Crystal Palace has a wonderful village feel to it and can be found in the suburbs of South East London. This transition town gets its name from the former glass and iron structure that once stood here and resembled a crystal palace. With Crystal Palace being built in Sydenham in 1854, this epic building was an exhibition space, showcasing art and technology from across the globe. Queen Victoria herself opened its doors and it stood for over 80 years until in 1936 it burned down in a raging fire. This great Victorian attraction, meant visitors from across the country came to visit. Grand hotels and pubs were built to accommodate them, most notably Queen’s Hotel and the White Hart Pub, both of which can still be seen in the area today. Being one of London’s highest points, the area was affected badly during WWII when Hitler unleashed the deadly V1 bomb. Head to Crystal Palace today, for stunning views of the city, as well as the last remains of the palace itself.
Southwark is another area of London brimming with history. From Shakespeare’s Globe Theatre to Borough Market with endless tasty treats, you get a real variety of historical delights where we overlook the River Thames. Our favourite piece of hidden history in Winchester Palace, just a few minutes walk from Borough Market. This Medieval palace has long since vanished, except for one large wall, which once would have been the great hall. This was home to the Bishop of Winchester, at the time the second most powerful man in the county, following the King. This was a demonstration of the advance architecture the Normans were capable of and the grounds of the palace even contained two of the oldest known prisons, which got the nickname The Clink. Get a beautiful view of the river and the glass skyscrapers, as you approach the Tudor ship the Golden Hinde II. Whilst the ship docked at Southwark is a reconstruction, the original Golden Hinde was used by Sir Francis Drake to become the first person to circumnavigate the world.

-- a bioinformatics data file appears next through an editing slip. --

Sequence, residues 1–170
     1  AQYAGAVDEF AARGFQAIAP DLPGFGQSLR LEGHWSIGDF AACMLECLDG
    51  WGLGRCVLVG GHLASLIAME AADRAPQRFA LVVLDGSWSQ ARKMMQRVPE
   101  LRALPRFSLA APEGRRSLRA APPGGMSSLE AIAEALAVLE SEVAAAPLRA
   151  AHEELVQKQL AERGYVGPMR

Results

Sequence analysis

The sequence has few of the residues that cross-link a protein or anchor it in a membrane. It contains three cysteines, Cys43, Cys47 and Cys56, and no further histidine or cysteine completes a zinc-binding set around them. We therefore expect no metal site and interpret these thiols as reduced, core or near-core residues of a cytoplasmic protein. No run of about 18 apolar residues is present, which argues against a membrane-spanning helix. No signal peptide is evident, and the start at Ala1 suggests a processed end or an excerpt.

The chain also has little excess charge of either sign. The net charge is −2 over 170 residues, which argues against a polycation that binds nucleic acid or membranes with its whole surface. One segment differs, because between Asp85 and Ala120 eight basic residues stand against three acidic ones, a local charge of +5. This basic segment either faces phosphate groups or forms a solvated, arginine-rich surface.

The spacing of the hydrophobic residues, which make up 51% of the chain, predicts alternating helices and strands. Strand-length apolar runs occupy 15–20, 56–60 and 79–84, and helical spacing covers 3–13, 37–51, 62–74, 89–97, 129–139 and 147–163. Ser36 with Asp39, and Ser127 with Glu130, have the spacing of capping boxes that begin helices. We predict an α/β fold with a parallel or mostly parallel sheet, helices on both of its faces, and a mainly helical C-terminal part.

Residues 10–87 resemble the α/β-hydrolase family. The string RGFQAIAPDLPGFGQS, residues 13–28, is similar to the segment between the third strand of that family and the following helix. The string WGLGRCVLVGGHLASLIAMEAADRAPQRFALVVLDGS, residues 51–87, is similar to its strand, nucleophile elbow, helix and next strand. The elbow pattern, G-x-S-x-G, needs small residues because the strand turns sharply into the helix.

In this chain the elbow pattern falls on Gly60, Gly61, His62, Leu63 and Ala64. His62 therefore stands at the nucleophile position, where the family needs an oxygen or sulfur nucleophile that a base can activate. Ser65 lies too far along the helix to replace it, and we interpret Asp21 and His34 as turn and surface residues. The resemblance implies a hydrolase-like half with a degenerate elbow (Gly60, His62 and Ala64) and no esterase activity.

5. Notting Hill
Today it’s most famous as being home to the largest carnival in Europe, but Notting Hill wasn’t always so metropolitan. The brainchild of James Weller Ladbroke, he set out to create a housing estate that would rival that on Regents Street. Unfortunately he ran out of money initially and had to let a large portion of the land to an entrepreneur who wanted to create London’s only inner city race course, that would be known as Kensington Hippodrome. Eventually James’ dreams were realized and he was able to go on to complete the crescent shaped roads, lined with houses called the Ladbroke Estate. Notting Hill since the 1960s has been well known for its musical influence, with bands such as The Clash and Pink Floyd coming out of the area. Counter Culture emerged in the 1970s, based on the hippie subculture, which created its own local economy with clubs, magazine, bands and clothing all based on this new trend. If you’re ever in London for August, you have to got to Notting Hill Carnival! Originally created to bring together different communities, carnival took on a strong Caribbean element, thanks to the large population settling from Jamaica, Trinidad and other islands.